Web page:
While Peekay sits on a rock on the hillside, surveying Barberton, a very tall and thin man with a camera introduces himself as Professor von Vollensteen. He tells Peekay that he could not resist taking a photograph of him as he sat on the rock. He asks for Peekay's permission to call it "Boy on a Rock." Peekay notices that the professor is carrying a cactus in his canvas backsack. He asks why the cactus is not pricking the professor, and the old man promises to reveal the secret. He takes the cactus from his bag and introduces it to Peekay as "Euphorbia grandicornis...a very shy cactus." He shows Peekay that his backsack is made of leather, protecting his back from the cactus' prickles. Peekay says that he could have worked that out for himself, and the professor calls him a "schmarty pants." He asks Peekay whether he knows what a professor is, and Peekay has to admit that he does not know. Suddenly the professor notices a rare aloe under the sock on which Peekay is sitting, and yelps "Wunderbar!" Peekay reminds him that he has not yet explained the word "professor." The man replies, "'A professor is a person who drinks too much whisky and once plays goot Beethoven.'" Then he tells Peekay that he can call him "Doc" instead of "Professor." Doc and Peekay part ways and Peekay returns home, to a dismal Dum and Dee. Cowering, they tell him that his mother wants to see him. Peekay does not feel scared-his mother does not realize that he is a "veteran of interrogation and punishment." Peekay's mother makes him apologize to her, then breaks down into tears of self-pity. At this, Peekay feels relieved because he is more accustomed to this side of his mother. He tells her to lie down, and brings her some tea and an Aspro.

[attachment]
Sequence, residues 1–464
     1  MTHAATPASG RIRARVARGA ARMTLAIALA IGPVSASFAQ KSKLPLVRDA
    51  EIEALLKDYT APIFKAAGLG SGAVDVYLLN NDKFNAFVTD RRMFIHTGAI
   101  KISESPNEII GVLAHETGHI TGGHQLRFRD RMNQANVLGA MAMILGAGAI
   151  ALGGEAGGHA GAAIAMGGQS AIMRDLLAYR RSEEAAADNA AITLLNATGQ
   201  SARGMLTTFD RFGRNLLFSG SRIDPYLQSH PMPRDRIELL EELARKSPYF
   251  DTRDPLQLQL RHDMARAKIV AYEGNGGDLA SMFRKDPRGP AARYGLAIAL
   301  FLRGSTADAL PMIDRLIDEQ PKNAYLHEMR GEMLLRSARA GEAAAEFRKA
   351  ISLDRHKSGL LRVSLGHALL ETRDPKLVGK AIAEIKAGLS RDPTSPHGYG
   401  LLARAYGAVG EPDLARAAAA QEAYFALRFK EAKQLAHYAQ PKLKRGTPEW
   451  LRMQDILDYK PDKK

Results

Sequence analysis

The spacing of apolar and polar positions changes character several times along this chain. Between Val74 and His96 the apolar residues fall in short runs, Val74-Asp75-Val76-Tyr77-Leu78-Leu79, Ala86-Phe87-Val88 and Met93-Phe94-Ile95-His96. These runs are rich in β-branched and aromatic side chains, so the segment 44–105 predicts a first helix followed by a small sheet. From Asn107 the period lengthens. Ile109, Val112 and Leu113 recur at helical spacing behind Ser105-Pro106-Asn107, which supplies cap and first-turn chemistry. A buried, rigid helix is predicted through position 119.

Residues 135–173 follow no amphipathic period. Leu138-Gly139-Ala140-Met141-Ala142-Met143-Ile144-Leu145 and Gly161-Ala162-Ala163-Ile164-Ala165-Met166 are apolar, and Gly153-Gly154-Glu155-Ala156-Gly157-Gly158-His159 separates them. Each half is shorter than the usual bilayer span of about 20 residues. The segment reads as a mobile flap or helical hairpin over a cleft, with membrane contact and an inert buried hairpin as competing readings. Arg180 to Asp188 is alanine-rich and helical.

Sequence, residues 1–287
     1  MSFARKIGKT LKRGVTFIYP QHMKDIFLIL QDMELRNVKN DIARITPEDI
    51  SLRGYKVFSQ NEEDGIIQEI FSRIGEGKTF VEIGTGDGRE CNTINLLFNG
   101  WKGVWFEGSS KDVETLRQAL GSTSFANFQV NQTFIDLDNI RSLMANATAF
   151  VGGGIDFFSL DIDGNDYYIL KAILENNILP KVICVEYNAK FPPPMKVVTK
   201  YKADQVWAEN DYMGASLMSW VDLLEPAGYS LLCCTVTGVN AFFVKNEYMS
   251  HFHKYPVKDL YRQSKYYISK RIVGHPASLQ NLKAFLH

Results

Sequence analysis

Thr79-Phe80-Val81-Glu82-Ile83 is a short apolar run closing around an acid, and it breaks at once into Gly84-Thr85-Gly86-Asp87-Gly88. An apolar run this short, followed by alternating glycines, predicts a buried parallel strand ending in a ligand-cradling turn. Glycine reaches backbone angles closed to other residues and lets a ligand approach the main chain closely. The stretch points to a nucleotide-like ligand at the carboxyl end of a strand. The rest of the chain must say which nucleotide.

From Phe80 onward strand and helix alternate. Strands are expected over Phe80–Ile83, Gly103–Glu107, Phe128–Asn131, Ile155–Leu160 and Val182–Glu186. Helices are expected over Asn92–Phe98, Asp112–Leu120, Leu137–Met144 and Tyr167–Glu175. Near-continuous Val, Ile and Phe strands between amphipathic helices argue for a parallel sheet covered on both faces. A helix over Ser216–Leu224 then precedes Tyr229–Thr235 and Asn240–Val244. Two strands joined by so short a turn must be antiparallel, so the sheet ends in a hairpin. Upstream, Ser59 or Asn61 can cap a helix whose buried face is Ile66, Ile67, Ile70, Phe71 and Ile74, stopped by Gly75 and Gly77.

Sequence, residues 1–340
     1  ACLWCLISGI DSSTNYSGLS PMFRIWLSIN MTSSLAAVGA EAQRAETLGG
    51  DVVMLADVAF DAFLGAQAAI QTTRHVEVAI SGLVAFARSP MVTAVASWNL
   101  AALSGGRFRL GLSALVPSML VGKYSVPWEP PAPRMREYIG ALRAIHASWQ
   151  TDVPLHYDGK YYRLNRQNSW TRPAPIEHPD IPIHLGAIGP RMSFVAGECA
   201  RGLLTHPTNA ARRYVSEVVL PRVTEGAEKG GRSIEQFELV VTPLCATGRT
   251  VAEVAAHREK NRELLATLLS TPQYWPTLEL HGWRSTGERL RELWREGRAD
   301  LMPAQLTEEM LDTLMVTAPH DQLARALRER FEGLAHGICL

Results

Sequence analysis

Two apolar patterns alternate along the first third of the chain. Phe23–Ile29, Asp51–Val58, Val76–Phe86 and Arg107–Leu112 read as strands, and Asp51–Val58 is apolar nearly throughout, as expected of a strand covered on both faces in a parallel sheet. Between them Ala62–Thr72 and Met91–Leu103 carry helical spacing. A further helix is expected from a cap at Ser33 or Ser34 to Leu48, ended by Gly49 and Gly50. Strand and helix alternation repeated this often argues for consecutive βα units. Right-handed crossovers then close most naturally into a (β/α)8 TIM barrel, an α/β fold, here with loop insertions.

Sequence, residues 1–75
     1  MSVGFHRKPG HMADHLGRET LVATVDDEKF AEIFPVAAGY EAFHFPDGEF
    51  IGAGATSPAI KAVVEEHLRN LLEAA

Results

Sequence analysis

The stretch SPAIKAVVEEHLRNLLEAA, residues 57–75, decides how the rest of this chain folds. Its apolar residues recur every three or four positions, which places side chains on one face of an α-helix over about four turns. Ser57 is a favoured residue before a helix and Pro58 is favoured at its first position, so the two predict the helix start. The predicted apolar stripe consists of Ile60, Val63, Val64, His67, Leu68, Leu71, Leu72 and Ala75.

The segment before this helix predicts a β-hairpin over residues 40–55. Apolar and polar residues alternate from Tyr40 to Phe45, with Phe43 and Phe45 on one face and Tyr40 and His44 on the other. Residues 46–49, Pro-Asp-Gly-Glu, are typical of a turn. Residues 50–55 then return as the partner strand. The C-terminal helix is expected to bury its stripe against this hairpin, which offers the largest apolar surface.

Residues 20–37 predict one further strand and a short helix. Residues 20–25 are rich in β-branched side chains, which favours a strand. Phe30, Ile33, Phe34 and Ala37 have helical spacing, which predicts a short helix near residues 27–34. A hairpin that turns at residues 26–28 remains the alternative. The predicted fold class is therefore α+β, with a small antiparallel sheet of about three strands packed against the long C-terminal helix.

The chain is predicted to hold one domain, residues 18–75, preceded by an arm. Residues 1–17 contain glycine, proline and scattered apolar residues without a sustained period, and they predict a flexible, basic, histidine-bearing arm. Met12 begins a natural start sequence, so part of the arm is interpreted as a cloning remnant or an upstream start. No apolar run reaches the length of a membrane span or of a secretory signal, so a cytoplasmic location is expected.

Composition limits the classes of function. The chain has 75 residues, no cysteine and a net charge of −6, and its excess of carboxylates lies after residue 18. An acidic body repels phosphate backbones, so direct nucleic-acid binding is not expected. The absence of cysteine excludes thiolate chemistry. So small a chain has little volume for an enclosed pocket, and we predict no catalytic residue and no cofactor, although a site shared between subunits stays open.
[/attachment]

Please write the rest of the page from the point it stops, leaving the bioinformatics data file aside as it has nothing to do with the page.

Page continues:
Two days later, Peekay sits watching army trucks filled with soldiers passing by the house when Doc arrives. Doc greets Peekay warmly and says that he wishes to speak to his mother-he has brought an aloe and the photograph of Peekay as presents for her. Doc discovers, to his horror, that Doc is a German. Doc tells Peekay's mother that he believes her son is a genius and he wishes to give him music lessons. At first she resists, since she does not accept charity from anyone. Doc eventually convinces her by saying that in return for the lessons he requires Peekay to work for him, collecting cacti. Peekay's mother now agrees- having a son trained in classical music will be a status symbol for her, a "social equalizer."